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Strife of the soil? Unsettling transmigrant conflicts in Indonesia

Published online by Cambridge University Press:  12 January 2015


Challenging conventional wisdom, this article argues that Indonesia — long home to both large-scale transmigration programmes and a range of conflicts — has not witnessed transmigrant conflicts. The vast majority of Indonesian transmigrants were resettled in parts of Sumatra which have remained peaceful. In some conflicts, the role of transmigration has been exaggerated. In others, interethnic violence has involved spontaneous migrants rather than state-led transmigrants. We conclude with a discussion of two potential outliers, where violence has been directed towards transmigrants, but only those from disaster-affected regions who arrived en masse. This article argues for a more nuanced understanding of the distinctions between different forms of internal migration, some of which have the potential to spark future violence in recipient areas and communities.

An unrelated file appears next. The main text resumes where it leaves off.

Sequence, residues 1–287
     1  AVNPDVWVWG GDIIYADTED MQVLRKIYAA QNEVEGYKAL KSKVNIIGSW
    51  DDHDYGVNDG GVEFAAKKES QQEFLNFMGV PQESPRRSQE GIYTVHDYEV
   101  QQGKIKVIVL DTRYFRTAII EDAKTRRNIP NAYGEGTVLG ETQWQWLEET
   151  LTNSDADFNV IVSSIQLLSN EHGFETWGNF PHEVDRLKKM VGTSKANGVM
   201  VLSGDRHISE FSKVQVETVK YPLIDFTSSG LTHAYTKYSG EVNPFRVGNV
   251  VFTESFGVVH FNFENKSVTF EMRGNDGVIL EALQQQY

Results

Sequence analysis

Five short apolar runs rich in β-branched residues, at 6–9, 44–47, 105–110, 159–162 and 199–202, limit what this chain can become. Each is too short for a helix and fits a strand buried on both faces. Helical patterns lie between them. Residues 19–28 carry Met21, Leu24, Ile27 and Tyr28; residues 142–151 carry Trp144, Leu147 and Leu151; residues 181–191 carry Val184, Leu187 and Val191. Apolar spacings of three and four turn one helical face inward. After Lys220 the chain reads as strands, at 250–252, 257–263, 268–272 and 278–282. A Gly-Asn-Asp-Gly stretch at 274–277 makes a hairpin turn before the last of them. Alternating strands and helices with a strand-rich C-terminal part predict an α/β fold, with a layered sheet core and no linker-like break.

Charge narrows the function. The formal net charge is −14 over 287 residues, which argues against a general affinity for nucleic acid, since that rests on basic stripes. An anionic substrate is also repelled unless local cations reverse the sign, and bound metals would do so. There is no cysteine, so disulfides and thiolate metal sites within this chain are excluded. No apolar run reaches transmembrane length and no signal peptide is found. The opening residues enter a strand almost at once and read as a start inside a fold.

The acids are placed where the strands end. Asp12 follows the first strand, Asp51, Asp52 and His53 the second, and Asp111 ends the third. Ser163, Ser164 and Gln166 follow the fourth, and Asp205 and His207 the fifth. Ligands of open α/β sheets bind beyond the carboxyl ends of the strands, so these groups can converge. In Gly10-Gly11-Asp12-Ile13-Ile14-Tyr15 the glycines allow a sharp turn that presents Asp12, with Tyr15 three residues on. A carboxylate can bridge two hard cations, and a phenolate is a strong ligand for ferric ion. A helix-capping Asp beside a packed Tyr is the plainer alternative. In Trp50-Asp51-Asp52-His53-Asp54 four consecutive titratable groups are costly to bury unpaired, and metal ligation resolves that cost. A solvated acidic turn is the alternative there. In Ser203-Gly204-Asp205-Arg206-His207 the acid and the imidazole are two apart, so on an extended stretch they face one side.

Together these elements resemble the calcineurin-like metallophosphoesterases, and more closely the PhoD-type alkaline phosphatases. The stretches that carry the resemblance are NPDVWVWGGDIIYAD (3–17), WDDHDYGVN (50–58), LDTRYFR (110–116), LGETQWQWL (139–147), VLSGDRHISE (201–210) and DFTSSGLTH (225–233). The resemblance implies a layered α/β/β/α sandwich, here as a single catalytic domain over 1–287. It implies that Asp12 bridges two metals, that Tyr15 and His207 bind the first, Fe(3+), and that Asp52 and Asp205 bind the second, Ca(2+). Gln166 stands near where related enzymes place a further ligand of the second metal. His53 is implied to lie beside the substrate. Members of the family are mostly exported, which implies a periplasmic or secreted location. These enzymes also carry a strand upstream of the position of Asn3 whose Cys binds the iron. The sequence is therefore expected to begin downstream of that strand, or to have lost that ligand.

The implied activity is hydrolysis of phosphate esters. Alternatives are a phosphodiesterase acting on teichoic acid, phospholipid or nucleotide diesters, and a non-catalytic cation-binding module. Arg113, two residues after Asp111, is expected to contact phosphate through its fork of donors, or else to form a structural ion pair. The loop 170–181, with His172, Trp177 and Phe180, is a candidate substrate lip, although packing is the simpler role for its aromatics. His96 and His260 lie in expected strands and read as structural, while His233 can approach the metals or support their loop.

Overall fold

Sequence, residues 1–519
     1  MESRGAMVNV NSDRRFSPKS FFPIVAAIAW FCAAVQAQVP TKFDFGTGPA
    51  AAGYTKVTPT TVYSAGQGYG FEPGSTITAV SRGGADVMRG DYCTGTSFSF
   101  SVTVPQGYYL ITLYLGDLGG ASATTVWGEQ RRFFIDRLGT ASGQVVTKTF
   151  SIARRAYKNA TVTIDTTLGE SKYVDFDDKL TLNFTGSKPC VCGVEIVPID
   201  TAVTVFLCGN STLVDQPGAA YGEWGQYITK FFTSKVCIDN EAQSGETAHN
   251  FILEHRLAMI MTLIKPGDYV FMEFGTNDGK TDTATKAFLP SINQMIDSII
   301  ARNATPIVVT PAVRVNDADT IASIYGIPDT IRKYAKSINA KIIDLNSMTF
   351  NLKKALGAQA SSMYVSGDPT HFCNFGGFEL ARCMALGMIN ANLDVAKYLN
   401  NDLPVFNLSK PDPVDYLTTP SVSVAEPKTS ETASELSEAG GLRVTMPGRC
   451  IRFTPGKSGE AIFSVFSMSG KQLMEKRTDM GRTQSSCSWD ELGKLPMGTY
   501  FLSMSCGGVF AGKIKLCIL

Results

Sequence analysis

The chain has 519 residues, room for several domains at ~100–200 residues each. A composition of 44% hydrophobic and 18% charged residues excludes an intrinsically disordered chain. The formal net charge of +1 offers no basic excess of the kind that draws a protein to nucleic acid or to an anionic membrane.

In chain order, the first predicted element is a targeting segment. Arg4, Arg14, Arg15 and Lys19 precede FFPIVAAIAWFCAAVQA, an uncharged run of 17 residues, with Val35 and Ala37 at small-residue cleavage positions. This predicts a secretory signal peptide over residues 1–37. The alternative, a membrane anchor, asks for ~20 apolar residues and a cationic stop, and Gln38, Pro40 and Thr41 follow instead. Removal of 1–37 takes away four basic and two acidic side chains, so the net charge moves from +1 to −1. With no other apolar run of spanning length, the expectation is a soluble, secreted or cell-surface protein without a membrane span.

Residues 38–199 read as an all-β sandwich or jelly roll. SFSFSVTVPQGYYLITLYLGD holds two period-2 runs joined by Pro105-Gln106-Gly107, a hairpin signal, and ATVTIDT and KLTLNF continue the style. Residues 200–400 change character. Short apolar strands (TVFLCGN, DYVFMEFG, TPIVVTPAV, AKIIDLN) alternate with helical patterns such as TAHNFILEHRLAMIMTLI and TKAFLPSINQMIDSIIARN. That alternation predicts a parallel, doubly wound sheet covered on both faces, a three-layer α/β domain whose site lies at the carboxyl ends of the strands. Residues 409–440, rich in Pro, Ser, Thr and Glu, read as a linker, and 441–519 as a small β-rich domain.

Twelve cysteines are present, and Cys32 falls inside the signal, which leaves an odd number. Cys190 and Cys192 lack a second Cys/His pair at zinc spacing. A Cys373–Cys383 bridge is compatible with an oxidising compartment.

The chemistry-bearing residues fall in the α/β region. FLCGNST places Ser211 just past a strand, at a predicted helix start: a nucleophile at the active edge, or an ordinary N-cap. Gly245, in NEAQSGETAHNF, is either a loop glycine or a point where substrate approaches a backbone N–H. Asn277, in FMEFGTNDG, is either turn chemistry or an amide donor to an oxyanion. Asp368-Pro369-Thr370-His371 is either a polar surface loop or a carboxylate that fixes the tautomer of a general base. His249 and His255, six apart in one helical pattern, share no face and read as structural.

Research Article
Copyright © The National University of Singapore 2015 

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Fieldwork by Isabelle Côté was conducted in Lampung, Riau, Kepri, and Jakarta from October 2010 to February 2011. It entailed informal and unstructured interviews, conversations, participant observation and general living experience within households. A total of 108 people were interviewed, including 52 elites (e.g. government officials, NGO workers, local scholars), 37 local people (e.g. pensioners, farmers, students), and 19 migrants (both spontaneous and transmigrants).

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119 Interview, Sugiarto Sumas, Director of Community Participation, Ministry of Manpower and Transmigration, Jakarta, 1 Feb. 2011.